Jennifer R.: Sure. Yeah. To back up, when I hit my rock bottom and I cried every night and it was just miserable because I couldn't help my child with medication, we started to look at natural healing. We found dietary changes really helped him. We found some homeopathy really helped him, immune balance versus the supplements. We tried all kinds of other diets too and in the end we saw that yes, the answer for us was in natural care and there were a lot of good solutions out there. I'd spent a fortune basically a small fortune on products and I spent so much time and I researched and I bought from companies all over the world. Sometimes they didn't even speak English on the website and I had to call and like get things translated. I am telling you I bought like almost everything, especially as we went into natural products. I had to go pretty far to find things. And in the end I had a closet full of things that didn't work. I had a handful of things that did work and I knew that I wanted to make it easier for parents because when you're dealing with this, you feel helpless and you just are looking for answers. And I didn't want everybody to have to spend fortunes like I did on product. And so I started the Eczema Company with carefully curated, natural, very safe products that I knew that worked for my son. And then I started reaching out and finding more products that worked really well for other people. And so I wanted to create this place where you could come. First of all, skincare is not the long-term answer. We know that it's healing from within, but you need relief sometimes and you just need it now. It's a bit of a band-aid approach, but it can really work wonders in the short term. And I wanted to be able to provide options. And so since we know that there's not one miracle cream out there, right? Like you'll see people talking about, oh, this miracle product and this and that, and people have called some of our products miracles. But it was a miracle for that person, but it doesn't mean it's going to be a miracle for the next person. I wish there was a solution that works for everybody. We would all be out of jobs, but like it would be great. Nobody would be suffering. Anyway, so because of that, we've curated this collection of products that we know work really well for different people. So the idea was when you come to the Eczema company, you can try a few different things and we hope that out of those things you try that are really natural, really safe for babies to adults, you're going to find something that works for you. At least for now, while you're healing your gut, while you're eliminating dietary triggers and all of that. So that's the answer. That's what we're trying to do. So for the Eczema Company I have found things that they were kind of some I guess some places where the product didn't exist exactly how I want it or I had some new ideas cause I knew what people were looking for and they just couldn't find. So then it led to YoRo Naturals, which is now my brand of skincare. One cream, we're building on it, and there's something else we're hoping to come out this year. And then clothing and Remedywear, and that's kind of where we are now. And it's really exciting because we're filling this void that I know exists and we're trying to help more people. So it's really exciting. And so yeah, there's our Manuka cream, which is like every single member of my family and my friends have creams at home and my husband has jars at work and we use it for like everything. We love it. And then the Remedywear clothing that you talked about before. We use that for dry wrapping, because you don't need to dampen it. So it's really nice when you apply a layer of cream that you put the Remedywear over it and wear it overnight or during the day. And it has zinc embedded at the fiber level so it doesn't wash out easily and works really well. It's really nice. We've got like babies to adults products and tops, bottoms, hats.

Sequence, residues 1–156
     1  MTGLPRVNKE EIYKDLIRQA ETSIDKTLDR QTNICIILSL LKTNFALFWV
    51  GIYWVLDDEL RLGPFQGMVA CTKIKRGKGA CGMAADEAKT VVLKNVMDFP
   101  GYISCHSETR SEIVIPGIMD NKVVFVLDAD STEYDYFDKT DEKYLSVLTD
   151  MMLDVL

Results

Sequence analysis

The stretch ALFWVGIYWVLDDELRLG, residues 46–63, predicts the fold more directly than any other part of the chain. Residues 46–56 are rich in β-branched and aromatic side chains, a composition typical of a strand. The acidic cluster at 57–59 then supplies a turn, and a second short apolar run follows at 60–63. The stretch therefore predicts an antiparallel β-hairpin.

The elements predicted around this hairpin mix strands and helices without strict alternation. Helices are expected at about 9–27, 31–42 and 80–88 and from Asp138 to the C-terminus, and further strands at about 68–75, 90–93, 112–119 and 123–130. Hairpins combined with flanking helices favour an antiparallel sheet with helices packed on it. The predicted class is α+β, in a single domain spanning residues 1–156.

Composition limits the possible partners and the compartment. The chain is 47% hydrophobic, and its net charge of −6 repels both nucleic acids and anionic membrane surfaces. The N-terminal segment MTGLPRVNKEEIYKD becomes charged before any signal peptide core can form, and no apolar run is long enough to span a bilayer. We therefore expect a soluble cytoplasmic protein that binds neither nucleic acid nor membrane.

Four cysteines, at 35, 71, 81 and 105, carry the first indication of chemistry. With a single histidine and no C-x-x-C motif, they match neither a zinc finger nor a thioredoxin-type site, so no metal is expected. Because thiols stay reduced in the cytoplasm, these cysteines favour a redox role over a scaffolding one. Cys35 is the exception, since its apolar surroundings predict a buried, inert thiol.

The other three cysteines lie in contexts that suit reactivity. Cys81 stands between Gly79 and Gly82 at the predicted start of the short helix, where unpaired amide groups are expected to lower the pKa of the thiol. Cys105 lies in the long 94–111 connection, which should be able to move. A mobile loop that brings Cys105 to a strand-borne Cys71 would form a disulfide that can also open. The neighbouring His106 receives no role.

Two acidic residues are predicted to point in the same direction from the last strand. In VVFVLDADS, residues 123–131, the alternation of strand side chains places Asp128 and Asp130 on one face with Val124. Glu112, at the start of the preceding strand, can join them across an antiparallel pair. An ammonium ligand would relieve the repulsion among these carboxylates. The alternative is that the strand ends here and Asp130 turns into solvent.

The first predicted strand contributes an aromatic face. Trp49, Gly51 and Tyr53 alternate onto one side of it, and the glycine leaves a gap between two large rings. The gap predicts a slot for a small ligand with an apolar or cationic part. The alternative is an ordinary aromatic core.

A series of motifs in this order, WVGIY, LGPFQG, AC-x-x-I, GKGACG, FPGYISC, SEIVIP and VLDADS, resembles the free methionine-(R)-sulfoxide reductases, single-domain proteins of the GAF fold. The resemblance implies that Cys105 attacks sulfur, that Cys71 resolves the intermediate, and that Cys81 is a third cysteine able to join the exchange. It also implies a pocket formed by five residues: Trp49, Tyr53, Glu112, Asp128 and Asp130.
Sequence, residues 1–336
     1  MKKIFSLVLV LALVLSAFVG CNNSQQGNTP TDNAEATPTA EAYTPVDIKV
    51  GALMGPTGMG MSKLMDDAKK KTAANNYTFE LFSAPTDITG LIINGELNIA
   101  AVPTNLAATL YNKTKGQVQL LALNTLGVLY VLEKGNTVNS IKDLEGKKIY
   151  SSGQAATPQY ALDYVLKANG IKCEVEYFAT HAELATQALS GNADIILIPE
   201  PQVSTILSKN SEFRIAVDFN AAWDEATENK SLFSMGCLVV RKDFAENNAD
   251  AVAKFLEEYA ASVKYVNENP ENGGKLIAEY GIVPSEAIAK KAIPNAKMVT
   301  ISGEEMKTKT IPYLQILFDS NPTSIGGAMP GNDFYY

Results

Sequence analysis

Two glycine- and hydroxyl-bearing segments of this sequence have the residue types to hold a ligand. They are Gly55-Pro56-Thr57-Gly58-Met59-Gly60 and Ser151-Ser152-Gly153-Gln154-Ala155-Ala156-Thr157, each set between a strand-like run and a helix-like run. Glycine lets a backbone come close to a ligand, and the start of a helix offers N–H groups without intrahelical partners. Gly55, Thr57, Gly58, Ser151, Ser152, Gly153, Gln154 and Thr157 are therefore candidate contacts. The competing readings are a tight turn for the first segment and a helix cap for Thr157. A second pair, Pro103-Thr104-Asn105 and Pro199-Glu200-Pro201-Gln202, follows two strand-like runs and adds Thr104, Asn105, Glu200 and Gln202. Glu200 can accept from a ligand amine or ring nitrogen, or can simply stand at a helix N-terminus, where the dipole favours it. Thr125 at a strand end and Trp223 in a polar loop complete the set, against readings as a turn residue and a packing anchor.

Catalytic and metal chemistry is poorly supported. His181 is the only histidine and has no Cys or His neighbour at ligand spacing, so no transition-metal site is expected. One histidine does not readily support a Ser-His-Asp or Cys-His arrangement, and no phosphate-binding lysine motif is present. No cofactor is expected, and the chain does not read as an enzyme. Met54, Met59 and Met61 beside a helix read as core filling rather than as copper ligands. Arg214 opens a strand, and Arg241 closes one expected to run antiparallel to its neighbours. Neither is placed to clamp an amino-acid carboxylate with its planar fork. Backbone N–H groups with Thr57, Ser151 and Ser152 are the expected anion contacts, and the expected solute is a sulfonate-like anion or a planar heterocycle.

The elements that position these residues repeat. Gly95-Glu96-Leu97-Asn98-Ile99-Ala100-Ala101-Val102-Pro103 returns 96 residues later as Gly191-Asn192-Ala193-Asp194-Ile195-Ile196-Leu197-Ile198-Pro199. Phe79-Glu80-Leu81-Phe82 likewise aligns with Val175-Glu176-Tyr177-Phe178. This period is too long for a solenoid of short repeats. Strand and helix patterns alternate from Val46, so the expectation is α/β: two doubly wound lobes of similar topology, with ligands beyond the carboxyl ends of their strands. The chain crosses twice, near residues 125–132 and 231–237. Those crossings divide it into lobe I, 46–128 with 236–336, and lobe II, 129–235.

Jen: And I will also share too, the reason that the zinc is so critical is that zinc is involved at the layer of DNA, like a very subtle layer of the body and the DNA synthesis. It's required at that point to help regenerate healthy skin or actually anything in the body. Zinc is a really critical mineral. And it's not uncommon to see people who have different deficiencies when their body's really been struggling. And I know when I've run labs or recommended labs with clients, one thing I'll look for is the magnesium level. Zinc for sure. And typically both of those come up insufficient in some respect. Oftentimes it has to do with diet, what they were eating currently. So your diet does matter. And we've touched on that very briefly, but the other issue is if your gut, as you were saying, if you've got a state of leaky gut and put that in air quotes, you may not be absorbing the nutrition from your food, especially if you're not breaking it down. If you don't have enough stomach acid, it's very difficult for your body to pull those critical minerals and vitamins and other nutrients into the body. So it's nice in that the zinc on the surface can really help. It is inside out and outside in. And I love, I honestly think, oh, as soon as I saw that, I was like, that is brilliant. So I'm so glad that we can add that and we'll definitely put links to all of this stuff in the show notes because I think for people who are, like you said, there is no one like really generally speaking, a miracle cream. You have to do other work. Because a lot of times, like for me and with a lot of my clients, I found that the skin issue, sometimes it's connected to a lot of other issues that underlie it. And we're not looking because they're only looking at the skin and we don't see, oh, the thyroid's off. Oh, the gut's a mess. You know, we're not digesting things properly. Our hormones are out of balance, like all these different things. But I love the fact that you're allowing people this pathway for support in the process of getting back to that better place. I think that's so powerful and I'm glad that we connected so that we can get people to this type of solution who are really looking for it. That is exciting.